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The recent ease in global demand for blue metal – cobalt – has dampened concerns about a pending supply crunch. More supply from across the copper belt has been brought into the market to meet the demand, and, crucially, manufacturers in China are beginning to invest in alternative cathode technologies. style=”font-size:40px; line-height: 1.3em; font-weight: 800; padding:7px;”>The cobalt corrective: Are we facing a supply crunch? Combined with a fluctuating price, this led to cobalt production struggling to keep up with demand. By Zuneid Yousuf
Chairman of African Green Resources, a world-class agriculture company, which focuses on agribusiness, and providing inputs and a market for produce from small, medium and commercial farmers. As the world transiting from fossil fuels and moving towards much more greener power sources, energy storage through batteries will be more and more crucial. This in turn led to worries that the global shift to electric vehicles would be undermined by a scarcity of this crucial mineral. Concerns were originally raised by NGOs, who put pressure on politicians, who in turn created regulations affecting industry dynamics. Pressure from NGOs like Amnesty has led battery producers and their customers to examine their supply chains in search for ethically produced cobalt. Ten years on, now we have a highly developed traceability regime for 3TG metals, allowing consumers to transparently track the source from where their smartphone components were produced, whether that be in closely monitored mines in the DRC or in politically stable countries such as my native Zambia. This situation appears calm, however, masks a deeper problem. As prices have started stabilising in April, it offers us an opportunity to analyse the current market drivers, and to decide what strategy the extractive industry should adapt to sustainably fuel the energy transition. WIKIPEDIA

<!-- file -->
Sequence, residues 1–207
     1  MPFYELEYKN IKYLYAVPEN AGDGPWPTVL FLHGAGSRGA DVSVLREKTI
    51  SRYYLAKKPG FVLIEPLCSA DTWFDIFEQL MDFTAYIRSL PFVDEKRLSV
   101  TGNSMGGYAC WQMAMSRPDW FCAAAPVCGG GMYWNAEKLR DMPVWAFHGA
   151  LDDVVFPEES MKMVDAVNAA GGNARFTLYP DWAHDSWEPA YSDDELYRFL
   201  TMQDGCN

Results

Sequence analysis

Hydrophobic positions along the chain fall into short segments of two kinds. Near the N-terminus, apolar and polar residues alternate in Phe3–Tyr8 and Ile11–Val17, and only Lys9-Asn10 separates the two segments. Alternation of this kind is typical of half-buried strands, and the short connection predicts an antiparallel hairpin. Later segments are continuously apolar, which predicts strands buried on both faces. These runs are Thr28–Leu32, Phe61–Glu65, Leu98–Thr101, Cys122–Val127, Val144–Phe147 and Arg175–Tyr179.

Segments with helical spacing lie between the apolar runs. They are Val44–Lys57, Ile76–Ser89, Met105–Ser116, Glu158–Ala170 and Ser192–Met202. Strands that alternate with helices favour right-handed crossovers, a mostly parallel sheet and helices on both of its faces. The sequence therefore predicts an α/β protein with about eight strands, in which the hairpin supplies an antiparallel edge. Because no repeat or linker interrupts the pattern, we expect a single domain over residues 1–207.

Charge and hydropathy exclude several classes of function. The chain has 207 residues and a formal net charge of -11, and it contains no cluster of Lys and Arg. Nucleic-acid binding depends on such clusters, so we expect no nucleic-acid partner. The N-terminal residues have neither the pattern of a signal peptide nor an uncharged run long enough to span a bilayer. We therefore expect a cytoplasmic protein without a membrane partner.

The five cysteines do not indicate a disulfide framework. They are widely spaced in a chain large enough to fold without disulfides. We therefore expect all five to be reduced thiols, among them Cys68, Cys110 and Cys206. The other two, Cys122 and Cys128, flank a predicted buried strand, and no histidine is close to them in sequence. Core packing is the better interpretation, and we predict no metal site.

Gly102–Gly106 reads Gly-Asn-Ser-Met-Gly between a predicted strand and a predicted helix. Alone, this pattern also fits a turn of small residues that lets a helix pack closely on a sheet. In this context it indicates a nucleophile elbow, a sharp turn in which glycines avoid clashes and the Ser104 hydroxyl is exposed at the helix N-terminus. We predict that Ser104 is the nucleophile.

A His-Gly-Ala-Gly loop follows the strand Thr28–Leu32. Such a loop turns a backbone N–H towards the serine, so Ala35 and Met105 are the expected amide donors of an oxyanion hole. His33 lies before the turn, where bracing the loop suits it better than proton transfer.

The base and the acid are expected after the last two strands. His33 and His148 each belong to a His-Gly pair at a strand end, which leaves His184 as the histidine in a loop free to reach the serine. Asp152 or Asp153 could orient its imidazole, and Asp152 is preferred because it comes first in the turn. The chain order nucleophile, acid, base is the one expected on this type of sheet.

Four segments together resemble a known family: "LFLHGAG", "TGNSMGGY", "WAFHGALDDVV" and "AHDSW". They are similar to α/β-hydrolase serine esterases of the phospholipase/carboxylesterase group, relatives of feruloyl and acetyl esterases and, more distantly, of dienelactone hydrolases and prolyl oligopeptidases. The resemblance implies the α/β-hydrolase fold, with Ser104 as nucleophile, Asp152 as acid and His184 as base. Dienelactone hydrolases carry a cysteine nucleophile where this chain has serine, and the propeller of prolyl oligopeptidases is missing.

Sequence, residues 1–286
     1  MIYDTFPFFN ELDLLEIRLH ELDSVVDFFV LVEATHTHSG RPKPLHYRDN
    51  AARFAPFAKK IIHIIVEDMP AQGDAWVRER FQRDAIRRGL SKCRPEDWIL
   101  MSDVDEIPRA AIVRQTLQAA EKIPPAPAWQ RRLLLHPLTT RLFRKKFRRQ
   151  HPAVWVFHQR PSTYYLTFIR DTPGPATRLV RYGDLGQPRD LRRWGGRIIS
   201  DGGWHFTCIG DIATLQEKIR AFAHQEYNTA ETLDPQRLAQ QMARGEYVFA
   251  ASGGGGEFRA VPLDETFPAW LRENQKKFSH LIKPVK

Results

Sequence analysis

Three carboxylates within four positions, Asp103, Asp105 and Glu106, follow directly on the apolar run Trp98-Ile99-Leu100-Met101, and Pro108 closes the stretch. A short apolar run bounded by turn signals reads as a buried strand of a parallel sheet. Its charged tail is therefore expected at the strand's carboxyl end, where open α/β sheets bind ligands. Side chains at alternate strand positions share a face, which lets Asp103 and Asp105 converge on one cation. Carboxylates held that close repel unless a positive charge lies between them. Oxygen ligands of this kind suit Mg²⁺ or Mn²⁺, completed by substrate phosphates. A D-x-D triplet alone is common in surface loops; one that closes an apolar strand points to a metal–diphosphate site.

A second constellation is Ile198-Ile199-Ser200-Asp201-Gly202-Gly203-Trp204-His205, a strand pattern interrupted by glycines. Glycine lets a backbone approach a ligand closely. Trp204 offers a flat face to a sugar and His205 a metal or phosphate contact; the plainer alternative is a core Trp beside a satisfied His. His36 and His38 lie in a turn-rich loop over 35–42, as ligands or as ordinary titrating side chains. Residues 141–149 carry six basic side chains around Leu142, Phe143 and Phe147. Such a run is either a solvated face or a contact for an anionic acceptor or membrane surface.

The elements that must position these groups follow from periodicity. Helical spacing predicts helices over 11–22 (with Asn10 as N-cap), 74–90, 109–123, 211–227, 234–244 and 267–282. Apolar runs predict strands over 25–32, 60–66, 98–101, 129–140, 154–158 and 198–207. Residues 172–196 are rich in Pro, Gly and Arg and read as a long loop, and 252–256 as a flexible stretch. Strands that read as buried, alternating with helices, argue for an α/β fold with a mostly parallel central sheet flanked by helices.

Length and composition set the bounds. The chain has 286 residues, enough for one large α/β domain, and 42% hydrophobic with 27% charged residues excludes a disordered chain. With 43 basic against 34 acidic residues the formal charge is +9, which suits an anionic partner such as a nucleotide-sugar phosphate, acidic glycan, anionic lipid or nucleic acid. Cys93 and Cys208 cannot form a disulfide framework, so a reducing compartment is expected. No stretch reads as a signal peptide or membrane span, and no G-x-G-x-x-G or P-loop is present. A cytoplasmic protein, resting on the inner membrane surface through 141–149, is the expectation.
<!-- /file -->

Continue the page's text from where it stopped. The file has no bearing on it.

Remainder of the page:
It is estimated that 60% of the world’s Cobalt comes from the Democratic Republic of Congo, or the DRC, where it is mined alongside another important metal copper. In 2021, however, a shift occurred, particularly as specific supply bottlenecks related to the pandemic got resolved with time, and prices have eased since the middle of March. Like the predictions of peak oil, warnings of a cobalt supply crunch have been chiefly determined by market mechanisms. Cobalt, a mineral with an electric blue color known to human civilisation since ancient time, is used today to store electricity in the most efficient manner. This has led to a steadily increasing demand for cobalt that is projected to continue for decades to come. It may be through legislation or simply through pressure from a better-informed society. One such level of scrutiny begins to restrict supply, it will have a knock-on impact on costs and may lead to a new cobalt crunch in decades to come, just as our reliance on fossil-fuel-based vehicles is now broken. Cobalt reserves, however, are estimated at 7.1 million metric tonnes, enough to meet the demand for many decades. Moreover, our experience in producing 3TG metals to the highest standards of traceability puts us ahead of the pack in producing Cobalt through an ethical and sustainable supply chain. In this context, my own company, Zumran Resources, a leading producer in Zambia’s copper belt, faces none of the ethical challenges like those in the DRC. Other jurisdictions, including the EU, have followed the US’ lead in introducing legislation, and many electronics companies have exceeded their legal obligations on traceability. Supply from the DRC comes with a whole lot of concerns. In the current scenario of Cobalt market, we have a steady price signal, with additional supply coming online steadily over time to overcome short term fluctuations. Lithium-ion-phosphate (LFP) cathodes allows batteries to be produced without cobalt, and have already been adopted by two of the largest battery makers. The experience of the 3TGs minerals – tin, tungsten, tantalum and gold, the well-known ‘conflict minerals’, suggests that concerns about supplies of cobalt from the DRC have not yet been fully priced in. Battery manufacturers can take heart, however, from the progress made over the past ten years by the 3TG extractive industries, providing a model to follow. In recent decades, concerns about conditions in the DRC and the potential for mineral production to finance violence and terrorism has led to major regulatory reforms and controls on the supply chain of the affected minerals. Banks, investors and business partners are already challenging suppliers on their traceability and supply chain compliance. Earlier reports predicted that the world’s appetite for batteries would lead to a situation of demand outstripping supply for cobalt by the end of the 2020s. However, LFP batteries are unlikely to meet the power demands of long-range electric vehicles any time soon, but definitely, this shift helped to ease recent pressure on cobalt supplies. Cobalt samples. The United States passed legislation in 2010 requiring smartphone makers and other electronics manufacturers to provide an independent third-party audit report of their supply chains for the 3TGs minerals. A reliable cathode material, it is a crucial component of lithium-ion batteries, used to power almost everything from mobile phones to laptops and electric cars. What led the consultancies and commentators like Wood Mackenzie to warn about a pending crunch and fears of ‘peak cobalt’ was the combination of steadily increasing demand from batteries and electric vehicles on one side, and concerns about how most cobalt is produced on the other.